HS2 AP2 and Select Committee Report July 23

HS2 – Additional Provision 

Changes to road junctions, to mitigate congestion during construction and operating HS2.

M6 J19 Northbound exit on to A556 to Manchester (High Legh) to be widened.

M6 J20A Northbound exit junction to be widened.  Both to be retained after construction phase.

First Special Report of Session 2022–23 of the House of Commons High Speed Rail (Crewe – Manchester) Bill Select Committee  report here:  https://publications.parliament.uk/pa/cm5803/cmselect/cmhighspeedrail/1136/report.html

1 Ground conditions in Cheshire

  1. The proposed HS2 scheme between Crewe and Manchester passes through an area of the Cheshire plain which is noted for challenging ground conditions relating to natural and anthropogenic salt dissolution and industrial salt mining. This is an issue of significant concern to many local residents, and it was raised by many petitioners who appeared before us.9
  2. As a result of both historic mining and natural salt dissolution processes, there is a history of ground settlement and more significant ground collapse in this area, and ground movement continues to this day. Due to the ways in which brine runs function, ground subsidence can occur some distance away from sites of brining or mining. HS2 Ltd’s March 2023 report noted that the local geology “will present certain geological risks within the Area of Interest,13that can variously manifest as ground surface subsidence”.14
  3. Several petitioners believe that the alignment of HS2 through the challenging geology of the Cheshire plains is the result of failures or omissions in the original planning process. Based on the lack of detail or discussion in early planning documents, some of those who appeared before us claimed that the risks or hazards involved in building in this area were not known about or were not considered in appropriate detail: “It’s difficult not to draw the conclusion that the presence of salt extraction and the issues of brine subsidence were simply not considered as part of the production of the initial preferred route”.21While there have been subsequent realignments away from areas of concern to reduce risks, we heard disappointment that “the opportunity to revisit the wisdom of taking the route through this part of mid-Cheshire was not availed”.22Minshull Vernon and District Parish Council expressed its view that, due to the initial route choice, the Government is backed “into the position where they find impossible to change direction, in spite of the huge technical difficulties they face in passing over the salt area”.23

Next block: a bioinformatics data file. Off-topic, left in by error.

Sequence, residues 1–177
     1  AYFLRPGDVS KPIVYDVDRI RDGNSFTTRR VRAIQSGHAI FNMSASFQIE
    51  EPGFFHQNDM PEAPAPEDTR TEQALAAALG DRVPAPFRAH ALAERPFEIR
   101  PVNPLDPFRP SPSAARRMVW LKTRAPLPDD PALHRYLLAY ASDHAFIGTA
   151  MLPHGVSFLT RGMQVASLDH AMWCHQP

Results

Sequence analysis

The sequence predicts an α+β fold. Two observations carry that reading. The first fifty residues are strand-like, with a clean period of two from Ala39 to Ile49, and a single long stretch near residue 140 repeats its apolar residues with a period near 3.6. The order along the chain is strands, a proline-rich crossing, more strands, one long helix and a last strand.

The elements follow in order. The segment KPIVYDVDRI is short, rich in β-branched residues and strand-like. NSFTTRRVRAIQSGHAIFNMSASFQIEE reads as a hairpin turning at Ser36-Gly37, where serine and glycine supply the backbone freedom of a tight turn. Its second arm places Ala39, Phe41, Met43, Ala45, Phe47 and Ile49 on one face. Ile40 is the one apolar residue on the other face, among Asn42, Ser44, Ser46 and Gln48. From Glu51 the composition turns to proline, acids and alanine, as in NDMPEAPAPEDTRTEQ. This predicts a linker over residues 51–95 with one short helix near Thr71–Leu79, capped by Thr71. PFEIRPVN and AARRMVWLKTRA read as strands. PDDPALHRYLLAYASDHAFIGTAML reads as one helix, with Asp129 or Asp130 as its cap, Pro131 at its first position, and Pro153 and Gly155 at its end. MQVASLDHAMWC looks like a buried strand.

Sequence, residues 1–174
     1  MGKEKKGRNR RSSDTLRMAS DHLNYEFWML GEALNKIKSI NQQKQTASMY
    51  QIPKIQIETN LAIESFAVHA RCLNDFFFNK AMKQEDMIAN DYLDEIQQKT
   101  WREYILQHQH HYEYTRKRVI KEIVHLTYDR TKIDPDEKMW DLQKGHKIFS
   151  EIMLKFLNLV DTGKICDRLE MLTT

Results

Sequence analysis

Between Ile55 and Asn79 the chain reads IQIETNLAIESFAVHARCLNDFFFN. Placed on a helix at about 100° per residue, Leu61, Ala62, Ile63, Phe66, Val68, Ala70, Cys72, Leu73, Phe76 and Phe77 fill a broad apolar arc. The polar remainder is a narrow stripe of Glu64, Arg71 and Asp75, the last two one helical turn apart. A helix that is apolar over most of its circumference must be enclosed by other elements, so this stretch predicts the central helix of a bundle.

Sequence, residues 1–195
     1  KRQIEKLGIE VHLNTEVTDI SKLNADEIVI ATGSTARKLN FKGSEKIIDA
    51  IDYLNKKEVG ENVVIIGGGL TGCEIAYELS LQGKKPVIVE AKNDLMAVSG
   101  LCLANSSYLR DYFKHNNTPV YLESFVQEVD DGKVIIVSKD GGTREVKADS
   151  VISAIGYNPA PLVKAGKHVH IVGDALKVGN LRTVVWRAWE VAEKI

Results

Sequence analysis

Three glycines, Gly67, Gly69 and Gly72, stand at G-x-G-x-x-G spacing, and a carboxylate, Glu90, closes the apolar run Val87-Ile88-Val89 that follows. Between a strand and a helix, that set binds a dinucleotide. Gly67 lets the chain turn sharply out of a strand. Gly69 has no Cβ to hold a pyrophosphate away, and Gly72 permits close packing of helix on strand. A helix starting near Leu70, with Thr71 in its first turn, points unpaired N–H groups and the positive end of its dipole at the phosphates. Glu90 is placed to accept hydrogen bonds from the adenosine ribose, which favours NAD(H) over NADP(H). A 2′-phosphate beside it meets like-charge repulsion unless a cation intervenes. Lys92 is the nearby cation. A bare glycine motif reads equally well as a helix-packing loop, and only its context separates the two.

March 2023 report

  1. HS2 Ltd published the ‘Understanding the Ground Risk across the Cheshire Plain’ report in March 2023, and this was generally welcomed by petitioners. However, there was a view that its publication was too late for a report “which ought to have formed part of the evidence for the decision making in 2017”,24and disappointment that it “fails to fully recognise all the risks of construction across the area” and that it “needs more development and clarification and understanding of the challenges”.25Petitioners believed that the report showed that the promoter and HS2 Ltd are still at an early stage of developing robust ground models.26

Investigations and understanding

  1. Another concern with the March 2023 report was the extent and quality of the data and understanding on which it was based. Petitioners noted that, to date, HS2 Ltd had completed a desk study and two phases of ground investigations, but they believed that more thorough, in-depth technical investigations should have been undertaken already and should be undertaken before a design is finalised and before this Bill is allowed to proceed.27